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Old 05-10-2014, 11:27 PM
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Default Polishing the car?

So, the other day my trunk and rear bumper got struck with something red leaving behind the red marks (I suspect my kid). The red paint does not rub off by hand so I picked up some Turtle wax polishing compound & Scratch remover. I'm sure everyone has their preference with polishes but I figured Turtle wax has been around forever so how bad can it be.
I have not tried to remove the paint rub yet and I was wondering if I should just polish the whole car and follow that with a wax? I will be doing all of this by hand. If I just take care of paint rub area will that spot be all shiny and the rest of the car not? Or will it be dull? The car is white so there is some forgiveness.
I do know not to press down to hard when applying as it can damage the clear coat. I guess I am looking for advice from those who have polished a car before and any suggestions.
Thanks for any input!
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Old 05-11-2014, 12:18 PM
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Suggest a mild solvent to remove only the paint. Clear coats are typically polyurethane products which are not damaged by mild solvents. This way only the paint is being removed.

Might use a bug and tar removal product, some use WD-40 which is mostly mild solvents. Use a soft towel (perhaps terry cloth) or clean sponge, NOT paper towels made of wood products. Let the solvent do the job not excessive hand pressure.

Once the paint is off (and wax), clean off any solvents with alcohol or wash area.

Look for scratches. If found use the most MILD abrasive you can find. Products labeled polishers should be less aggressive then cleaners which are less aggressive then compounds.

If possible use a synthetic foam pad specifically designed for clear coat polishing. Auto stores should stock them. Don't use wool products.

Use a back and forth action, not round and round and avoid localized pressure. Check work by standing back and viewing reflected light off paint at an angle. If the angle is right, you will see every flaw in the paint and body work.

The key to not damaging clear coats is to use MILD abrasives, the right pad, right motion and minimal pressure. Clear coats scratch and pit due to excessively abrasive materials and too large of grit in the compounds. More aggressive materials make scratch removal faster but will leave marks.

Personally once the paint is removed and no obvious scratching I might call it good, then wax area.
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Old 05-11-2014, 11:20 PM
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Awesome! Thanks for your help. I will try to remove the paint this week.
Thanks again!
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Old 06-19-2014, 08:36 PM
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You should have clayed the paint before polishing or applying any protectant. Bear in mind that its all about preparation and application.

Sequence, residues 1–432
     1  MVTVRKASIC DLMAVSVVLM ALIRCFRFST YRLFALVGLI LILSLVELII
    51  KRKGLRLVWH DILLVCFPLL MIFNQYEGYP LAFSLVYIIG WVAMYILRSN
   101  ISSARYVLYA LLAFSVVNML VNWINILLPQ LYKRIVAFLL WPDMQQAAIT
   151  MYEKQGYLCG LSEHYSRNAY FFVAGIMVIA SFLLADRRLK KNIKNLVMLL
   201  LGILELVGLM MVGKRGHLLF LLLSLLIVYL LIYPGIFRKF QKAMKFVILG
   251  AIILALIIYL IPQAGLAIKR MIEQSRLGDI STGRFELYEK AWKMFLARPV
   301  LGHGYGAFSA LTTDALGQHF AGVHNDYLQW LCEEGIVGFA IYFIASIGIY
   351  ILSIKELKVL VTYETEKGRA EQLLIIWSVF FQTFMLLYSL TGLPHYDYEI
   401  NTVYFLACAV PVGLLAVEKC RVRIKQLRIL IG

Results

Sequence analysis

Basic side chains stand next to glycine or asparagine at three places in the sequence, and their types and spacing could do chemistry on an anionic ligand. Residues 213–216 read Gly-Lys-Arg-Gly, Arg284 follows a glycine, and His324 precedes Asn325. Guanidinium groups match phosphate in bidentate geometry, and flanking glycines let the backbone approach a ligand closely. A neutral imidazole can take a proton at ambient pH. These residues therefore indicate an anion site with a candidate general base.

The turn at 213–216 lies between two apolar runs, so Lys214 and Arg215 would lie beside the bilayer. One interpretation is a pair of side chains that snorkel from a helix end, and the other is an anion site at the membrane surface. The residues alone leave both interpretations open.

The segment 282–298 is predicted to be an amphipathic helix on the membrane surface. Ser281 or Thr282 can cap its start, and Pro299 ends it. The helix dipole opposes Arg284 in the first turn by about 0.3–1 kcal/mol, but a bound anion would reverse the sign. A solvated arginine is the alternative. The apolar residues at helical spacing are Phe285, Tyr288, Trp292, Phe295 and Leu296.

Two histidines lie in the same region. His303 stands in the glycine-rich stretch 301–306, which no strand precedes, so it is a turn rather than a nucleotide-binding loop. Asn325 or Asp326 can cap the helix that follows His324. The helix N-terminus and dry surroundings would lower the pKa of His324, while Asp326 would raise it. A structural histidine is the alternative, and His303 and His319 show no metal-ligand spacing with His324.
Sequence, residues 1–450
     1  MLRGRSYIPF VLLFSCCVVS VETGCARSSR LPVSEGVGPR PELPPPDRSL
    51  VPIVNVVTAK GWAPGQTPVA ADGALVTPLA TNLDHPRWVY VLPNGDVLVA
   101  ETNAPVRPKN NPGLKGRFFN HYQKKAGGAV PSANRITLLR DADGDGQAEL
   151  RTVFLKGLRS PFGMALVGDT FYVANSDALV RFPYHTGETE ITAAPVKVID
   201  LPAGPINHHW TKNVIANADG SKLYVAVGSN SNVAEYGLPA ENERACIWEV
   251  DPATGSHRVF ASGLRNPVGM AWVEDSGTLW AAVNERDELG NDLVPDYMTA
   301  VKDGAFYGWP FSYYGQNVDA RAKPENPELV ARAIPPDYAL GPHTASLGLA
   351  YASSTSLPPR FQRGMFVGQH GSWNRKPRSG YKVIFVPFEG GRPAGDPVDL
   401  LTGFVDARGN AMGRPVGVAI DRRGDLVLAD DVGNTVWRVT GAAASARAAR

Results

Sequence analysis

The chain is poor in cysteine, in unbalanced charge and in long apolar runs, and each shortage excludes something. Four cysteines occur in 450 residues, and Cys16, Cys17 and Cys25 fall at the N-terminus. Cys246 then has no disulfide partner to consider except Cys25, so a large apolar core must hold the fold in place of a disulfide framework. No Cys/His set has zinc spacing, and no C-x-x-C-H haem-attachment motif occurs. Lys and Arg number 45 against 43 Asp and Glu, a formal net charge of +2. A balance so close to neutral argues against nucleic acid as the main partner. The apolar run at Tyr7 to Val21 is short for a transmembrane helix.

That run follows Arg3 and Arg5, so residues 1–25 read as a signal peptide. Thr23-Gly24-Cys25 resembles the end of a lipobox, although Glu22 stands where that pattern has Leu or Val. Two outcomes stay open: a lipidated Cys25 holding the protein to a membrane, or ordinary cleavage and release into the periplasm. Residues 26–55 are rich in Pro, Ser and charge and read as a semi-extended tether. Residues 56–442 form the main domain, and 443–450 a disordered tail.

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Old 06-19-2014, 09:57 PM
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Camri, it sound like you know quite a bit about protecting the paint and finish on cars. Would you be interested in doing a write up or 'How-to' on some stuff such claying, etc. I've never clayed a car nor polished so it could be informative for me and the members here. Let me know if you are interested.
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Old 10-22-2016, 02:56 PM
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Default shiny spots on white car

I have done the above to get rid of tar, dw-40 then wax the tar spots to get the rest and it has left shiny spots. Is there a remedy for this. Just went to a car wash & they said toyota has cheap paint.
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Old 10-23-2016, 10:43 AM
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Could be the paint job as others have complained.

If you have gone through the clear coat or just abraded it with whatever cleaning cloth used with the solvent until it no longer shines?

The key with factory clear coated paint jobs is mild, mild, mild. Even with the cleaning cloth and the cleaning action.
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Old 10-24-2016, 02:02 PM
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Default spots

your article was helpful but maybe u misread mine, the problem is the shiny spots left after waxing the tar specs off. Polished &Waxed over those areas, better- but can still see them in sunlight, not so much in the shade.
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Old 10-25-2016, 04:45 PM
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WD-40 should not harm paint.

What type of cloth did you use?

Best to be gentle and express the rubbing effort over a wide area using mild pressure.

WD-40 can attract dirt which can act as an abrasive.

Is the clear coat a matte finish or shinny?

It is possible the shinny areas are polished areas. Look closely at the paint to determine the surrounding area is rougher then the shinny spots.

Might use a VERY MILD polish!!! (or even WD-40), correct type of cloth and gently blend the area around the shinny spots. Try one out of the way spot first to see the results.
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Old 10-26-2016, 04:35 PM
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I use meguiars goldclass wax with pad to apply, remove with cheesecloth. I must be pressing to hard, I'm impatient. Thanks for all the good intel.
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